Ten Days that Shook the World (1919) is a book by American journalist and socialist John Reed about the October Revolution in Russia in 1917 which Reed experienced firsthand. Reed followed many of the prominent Bolshevik leaders, especially Grigory Zinoviev and Karl Radek, closely during his time in Russia.
John Reed died in 1920, shortly after the book was finished, and he is one of the few Americans buried at the Kremlin Wall Necropolis in Moscow, a site normally reserved only for the most prominent Soviet leaders.
Max Eastman recalls a meeting with John Reed in the middle of Sheridan Square during the period of time when Reed isolated himself writing the book:
“…he wrote Ten Days that Shook the World – wrote it in another ten days and ten nights or little more. He was gaunt, unshaven, greasy-skinned, a stark sleepless half-crazy look on his slightly potato-like face – had come down after a night’s work for a cup of coffee.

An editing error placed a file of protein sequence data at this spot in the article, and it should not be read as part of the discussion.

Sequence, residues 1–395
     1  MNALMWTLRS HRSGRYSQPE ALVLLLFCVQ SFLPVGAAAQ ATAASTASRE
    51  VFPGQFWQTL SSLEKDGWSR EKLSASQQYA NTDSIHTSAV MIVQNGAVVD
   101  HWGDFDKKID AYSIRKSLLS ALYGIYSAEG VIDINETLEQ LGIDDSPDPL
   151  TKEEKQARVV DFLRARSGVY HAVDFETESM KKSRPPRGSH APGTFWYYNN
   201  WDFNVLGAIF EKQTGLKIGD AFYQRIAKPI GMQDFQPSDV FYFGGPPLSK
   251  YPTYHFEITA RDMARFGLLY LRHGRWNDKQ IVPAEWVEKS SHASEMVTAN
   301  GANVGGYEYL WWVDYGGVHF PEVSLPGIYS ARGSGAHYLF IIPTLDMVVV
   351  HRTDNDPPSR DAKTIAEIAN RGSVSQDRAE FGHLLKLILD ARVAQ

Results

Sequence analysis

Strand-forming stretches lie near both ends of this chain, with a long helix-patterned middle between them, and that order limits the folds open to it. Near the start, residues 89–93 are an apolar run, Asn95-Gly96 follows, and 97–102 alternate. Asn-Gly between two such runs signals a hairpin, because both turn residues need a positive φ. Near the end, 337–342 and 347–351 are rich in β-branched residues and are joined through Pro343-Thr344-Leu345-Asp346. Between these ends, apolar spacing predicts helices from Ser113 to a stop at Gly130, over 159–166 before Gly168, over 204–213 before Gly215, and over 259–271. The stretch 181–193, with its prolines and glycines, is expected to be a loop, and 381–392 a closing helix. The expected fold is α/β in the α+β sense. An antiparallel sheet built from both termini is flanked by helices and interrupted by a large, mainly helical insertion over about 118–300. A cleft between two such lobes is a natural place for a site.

‘Max, don’t tell anybody where I am. I’m writing the Russian revolution in a book. I’ve got all the placards and papers up there in a little room and a Russian dictionary, and I’m working all day and all night. I haven’t shut my eyes for thirty-six hours. I’ll finish the whole thing in two weeks. And I’ve got a name for it too – Ten Days that Shook the World. Good-by, I’ve got to go get some coffee. Don’t for God’s sake tell anybody where I am!’
Do you wonder I emphasize his brains? Not so many feats can be found in American literature to surpass what he did there in those two or three weeks in that little room with those piled-up papers in a half-known tongue, piled clear up to the ceiling, and a small dog-eared dictionary, and a memory, and a determination to get it right, and a gorgeous imagination to paint it when he go it. But I wanted to comment on now was the unqualified, concentrated joy in his mad eyes that morning. He was doing what he was made to do, writing a great book. And he had a name for it too – Ten Days that Shook the World!” (From Wikipedia)